Commercial Car Yard Photography requires speed, precision and attention to detail like no other photographic discipline. Romantics might argue that holding a camera designates the photographer an air of an artist and maybe, if you had a whole week to take photos of a single car I would agree. But time is money, and time, along with light and physical space will always form part of your biggest challenges.
In short, your camera is not some extension of your creative personality, it is a tool. As a photographer you use your skills and knowledge of the subject and like with every other photographic discipline that involves ongoing work, your creativity will manifest itself in the way you adapt to different scenarios, of which, in the used car industry, there are many.
Less than 20% of customers that set foot on any of the car yards are repeat customers, people off the street (walk-ins) or business derived from word-of-mouth marketing. The other 80+ % of customers are derived from online representations. The photos and the professionalism they display is the first impression people get. The role of creating and maintaining a company’s online catalog portfolio isn’t important – it is vital.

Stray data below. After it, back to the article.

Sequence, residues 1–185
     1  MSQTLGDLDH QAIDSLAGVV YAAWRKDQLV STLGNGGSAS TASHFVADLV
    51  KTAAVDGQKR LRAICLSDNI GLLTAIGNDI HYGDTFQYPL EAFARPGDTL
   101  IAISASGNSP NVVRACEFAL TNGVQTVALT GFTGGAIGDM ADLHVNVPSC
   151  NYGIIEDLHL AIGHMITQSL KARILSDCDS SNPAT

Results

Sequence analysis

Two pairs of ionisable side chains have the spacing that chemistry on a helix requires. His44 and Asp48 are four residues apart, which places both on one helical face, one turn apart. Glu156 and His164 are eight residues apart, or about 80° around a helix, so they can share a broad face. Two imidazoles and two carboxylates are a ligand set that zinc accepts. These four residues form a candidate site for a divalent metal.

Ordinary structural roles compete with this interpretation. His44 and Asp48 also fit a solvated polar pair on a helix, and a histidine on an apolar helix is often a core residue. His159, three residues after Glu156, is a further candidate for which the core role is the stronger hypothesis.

Guidelines: Car Yard Photography
These rules are not intended to curb your creativity. These rules are meant to stop any thoughtless, non-critical photography and patent laziness.
- This is about selling cars. From the style of photos you take, the time it takes you to photograph and edit, to the interaction with staff and customers – it revolves around selling cars.
- Consistency is Everything. It doesn’t matter what height you choose to take a photo from or what angle you deem correct – if you choose a style, you stick to it.
- Put as much distance between yourself and the car as possible. It flattens the car, making it easier to ‘level’ as well as slightly obscuring small blemishes on the bodywork. It also minimizes the ground upon which the car is standing (which is rarely if ever attractive)
- You don’t EVER walk around a car taking photos – leave that to lazy car salesmen and amateur photographers. You move the car for every shot. Simply put – you retain a stagnant and neutral background.
- Every individual image you present must have a purpose. For example: Some dealers / photographers present an image with a car’s doors open. Is this to show that the car’s doors actually open, or is it to show the interior detailing of the gadgets on/in the door? If the latter be the truth then rather make more effort capturing the details of the gadgets / buttons.